I guarantee that white-water rafting on the Zambezi River will be one of the most exhilarating and memorable days of your life. It's not just the abundance of insane grade five rapids, but it's also the breathtaking beauty of the Batoka Gorge that packs a punch. The day starts with a very steep, knee-shaking climb down into the gorge, right at the foot of the Victoria Falls. After a brief safety drill on the water, close to the "Boiling Pot", you're ready to conquer the twenty odd rapids that will churn, break, and attack you from all sides.
I have been lucky enough to run the Zambezi River four times now and only tipped once. Every rapid has a name, and it was "The Muncher" that caught me by surprise. I swallowed more river water than I imagined possible and came out with a bruise on my arm the shape of Zimbabwe. I still booked my next full day raft the minute I had clambered back out of the gorge.
When the water is "low" (August - February) the rapids get even more feisty and your odds against flipping are high. Some of the drops into the rapids were enormous and honestly frightening to behold. The quicker you paddle in, the more chance you have on getting out unharmed at the other side. And with rapids called "Washing Machine" and "Oblivion" no one tends to slack off on the paddling. So it's a physically exhausting day, but fantastic fun nevertheless.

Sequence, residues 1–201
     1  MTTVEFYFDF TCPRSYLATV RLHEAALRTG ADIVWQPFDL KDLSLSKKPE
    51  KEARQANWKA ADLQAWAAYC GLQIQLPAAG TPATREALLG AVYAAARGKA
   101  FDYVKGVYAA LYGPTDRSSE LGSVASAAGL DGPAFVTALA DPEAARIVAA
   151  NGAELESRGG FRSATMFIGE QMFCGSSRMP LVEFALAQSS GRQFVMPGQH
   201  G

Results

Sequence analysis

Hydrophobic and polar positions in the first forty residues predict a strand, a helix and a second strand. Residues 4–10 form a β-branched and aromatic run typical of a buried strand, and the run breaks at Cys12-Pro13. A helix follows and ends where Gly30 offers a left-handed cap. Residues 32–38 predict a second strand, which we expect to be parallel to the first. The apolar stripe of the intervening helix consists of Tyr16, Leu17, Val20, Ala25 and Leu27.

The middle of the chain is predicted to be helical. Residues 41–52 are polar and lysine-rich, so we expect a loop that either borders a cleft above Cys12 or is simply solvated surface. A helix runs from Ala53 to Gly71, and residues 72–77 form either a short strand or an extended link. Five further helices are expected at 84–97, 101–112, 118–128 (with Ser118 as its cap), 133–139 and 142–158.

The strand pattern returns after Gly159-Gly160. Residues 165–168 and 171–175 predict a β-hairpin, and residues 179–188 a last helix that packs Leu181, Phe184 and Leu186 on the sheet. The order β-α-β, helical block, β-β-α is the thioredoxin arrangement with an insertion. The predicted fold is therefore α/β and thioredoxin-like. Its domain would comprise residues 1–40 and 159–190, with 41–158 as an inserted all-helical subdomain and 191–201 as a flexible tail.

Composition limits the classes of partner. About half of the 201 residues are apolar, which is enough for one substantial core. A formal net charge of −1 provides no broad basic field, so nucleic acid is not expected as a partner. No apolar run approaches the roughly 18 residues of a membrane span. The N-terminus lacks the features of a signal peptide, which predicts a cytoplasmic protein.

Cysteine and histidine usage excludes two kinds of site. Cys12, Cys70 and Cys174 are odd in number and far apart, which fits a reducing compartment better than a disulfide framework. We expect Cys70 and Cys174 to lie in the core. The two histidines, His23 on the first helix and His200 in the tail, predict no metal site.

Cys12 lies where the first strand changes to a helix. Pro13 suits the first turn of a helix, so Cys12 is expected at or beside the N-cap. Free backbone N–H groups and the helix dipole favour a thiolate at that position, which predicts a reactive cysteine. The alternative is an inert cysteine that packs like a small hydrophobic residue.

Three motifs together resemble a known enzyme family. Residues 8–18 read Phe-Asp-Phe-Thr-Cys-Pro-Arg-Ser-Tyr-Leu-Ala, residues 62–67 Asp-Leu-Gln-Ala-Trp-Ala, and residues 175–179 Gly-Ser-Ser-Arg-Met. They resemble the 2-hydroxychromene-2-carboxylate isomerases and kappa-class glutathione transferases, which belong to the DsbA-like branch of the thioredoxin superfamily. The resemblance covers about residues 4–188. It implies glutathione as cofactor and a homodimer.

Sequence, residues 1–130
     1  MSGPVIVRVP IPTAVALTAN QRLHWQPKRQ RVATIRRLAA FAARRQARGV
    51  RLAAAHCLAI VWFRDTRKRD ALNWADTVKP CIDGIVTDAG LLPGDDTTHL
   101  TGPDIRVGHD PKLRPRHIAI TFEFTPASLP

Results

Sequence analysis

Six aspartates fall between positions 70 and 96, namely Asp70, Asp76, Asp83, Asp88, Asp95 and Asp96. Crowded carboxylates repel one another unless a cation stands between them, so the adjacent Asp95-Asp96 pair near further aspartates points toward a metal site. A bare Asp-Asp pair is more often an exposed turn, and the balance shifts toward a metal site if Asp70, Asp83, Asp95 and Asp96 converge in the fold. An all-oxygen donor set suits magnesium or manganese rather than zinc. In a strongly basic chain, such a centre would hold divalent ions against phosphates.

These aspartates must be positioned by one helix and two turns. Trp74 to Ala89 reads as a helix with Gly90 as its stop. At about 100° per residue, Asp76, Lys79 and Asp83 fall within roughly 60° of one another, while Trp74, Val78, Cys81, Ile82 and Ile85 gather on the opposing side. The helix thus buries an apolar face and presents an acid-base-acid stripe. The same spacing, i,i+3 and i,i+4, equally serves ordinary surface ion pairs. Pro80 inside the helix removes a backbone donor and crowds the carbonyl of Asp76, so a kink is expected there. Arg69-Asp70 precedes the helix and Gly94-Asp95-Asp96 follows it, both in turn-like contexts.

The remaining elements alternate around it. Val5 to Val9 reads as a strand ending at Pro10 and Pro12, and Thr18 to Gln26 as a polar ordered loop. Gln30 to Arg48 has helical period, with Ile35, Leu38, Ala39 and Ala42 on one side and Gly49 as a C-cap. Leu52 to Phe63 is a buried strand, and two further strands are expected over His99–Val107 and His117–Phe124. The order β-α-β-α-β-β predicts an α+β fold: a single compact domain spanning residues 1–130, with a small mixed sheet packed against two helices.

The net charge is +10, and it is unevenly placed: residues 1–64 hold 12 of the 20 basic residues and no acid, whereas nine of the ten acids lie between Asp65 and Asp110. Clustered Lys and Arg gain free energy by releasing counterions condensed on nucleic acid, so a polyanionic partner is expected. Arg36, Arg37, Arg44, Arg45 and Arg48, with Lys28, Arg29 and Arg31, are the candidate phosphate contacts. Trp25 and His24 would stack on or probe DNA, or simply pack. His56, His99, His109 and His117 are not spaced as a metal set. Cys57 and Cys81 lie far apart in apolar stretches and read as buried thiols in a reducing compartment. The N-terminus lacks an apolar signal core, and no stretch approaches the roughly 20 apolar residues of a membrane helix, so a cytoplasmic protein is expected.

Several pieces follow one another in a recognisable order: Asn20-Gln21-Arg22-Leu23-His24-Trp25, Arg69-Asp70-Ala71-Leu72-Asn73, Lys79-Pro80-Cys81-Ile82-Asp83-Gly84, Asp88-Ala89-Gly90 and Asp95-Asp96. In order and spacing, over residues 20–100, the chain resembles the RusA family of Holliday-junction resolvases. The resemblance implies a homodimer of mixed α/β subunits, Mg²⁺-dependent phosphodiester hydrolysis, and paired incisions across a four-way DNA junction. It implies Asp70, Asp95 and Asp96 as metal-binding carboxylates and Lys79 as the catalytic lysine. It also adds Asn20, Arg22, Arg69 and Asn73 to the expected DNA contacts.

Since you're on the river for a good 5-6 hours on a full-day raft, you get plenty of time to bond with your fellow rafters and that's always a highlight for me. Not only are you literally thrown together by swirling rapids, but there are quiet stretches between each rapid with plenty of time for conversation. The water is perfectly warm, so despite being wet all day, it's never cold. In fact I like to hop over the side and swim in the smaller rapids wherever possible. Last time I rafted, I spotted a crocodile sunning itself on a small river beach as I floated by on my back. "Don't worry, they're only small ones" said our guide. And that's why I love this part of the world.